I have spent many years as the boss and fully realize how many critical items we are responsible for and how much attention that requires. Unfortunately, as the boss, you forget about your own personal safety. My No. 1 concern is for you, the contractor — for your safety and that of your managers and all your employees.
Let’s look at some of the realistic possibilities for a contractor hoping for survival, as well as continued growth and success. One option is to expand whatever type of work that your employees can perform, based on their database skills inventories.
Many good contractors are struggling to survive America’s economic crisis and some have already lost their businesses. And far too many good employees are struggling at work as well as with finances at home.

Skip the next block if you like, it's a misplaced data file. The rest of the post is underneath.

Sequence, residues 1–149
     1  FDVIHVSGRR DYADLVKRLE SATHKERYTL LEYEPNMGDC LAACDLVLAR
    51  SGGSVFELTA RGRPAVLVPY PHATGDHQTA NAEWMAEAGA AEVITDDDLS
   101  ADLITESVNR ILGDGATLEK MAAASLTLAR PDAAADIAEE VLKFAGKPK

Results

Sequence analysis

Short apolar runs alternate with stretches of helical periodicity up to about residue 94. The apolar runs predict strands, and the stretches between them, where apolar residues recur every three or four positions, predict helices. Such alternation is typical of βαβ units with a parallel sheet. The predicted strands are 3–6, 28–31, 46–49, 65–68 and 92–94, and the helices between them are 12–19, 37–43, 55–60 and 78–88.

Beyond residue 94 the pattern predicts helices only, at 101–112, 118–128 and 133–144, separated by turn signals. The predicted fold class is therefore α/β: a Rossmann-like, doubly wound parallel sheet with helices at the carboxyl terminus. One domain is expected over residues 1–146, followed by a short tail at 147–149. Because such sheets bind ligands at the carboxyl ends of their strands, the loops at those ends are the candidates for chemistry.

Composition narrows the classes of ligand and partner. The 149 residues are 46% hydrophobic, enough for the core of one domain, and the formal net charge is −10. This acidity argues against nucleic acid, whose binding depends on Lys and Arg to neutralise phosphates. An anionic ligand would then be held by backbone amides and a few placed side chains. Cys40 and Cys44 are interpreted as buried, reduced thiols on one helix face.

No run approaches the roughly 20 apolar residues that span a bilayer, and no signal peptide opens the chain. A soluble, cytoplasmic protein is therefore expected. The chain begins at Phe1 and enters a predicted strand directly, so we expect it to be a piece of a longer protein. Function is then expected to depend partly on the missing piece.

Think back to your own business decisions. How many were costly and should have been better? You will naturally face many more critical decisions in the future. Some of them may be minor but many of them will determine your continued success and survival!
For plumbers in Flint, Mich., “it’s been a heck of a year,” said Harold T. Harrington, a master plumber and pipefitter working as the business manager for Flint’s United Association of Plumbers and Pipefitters, Local 370. Read more stories in 2017 March Issue.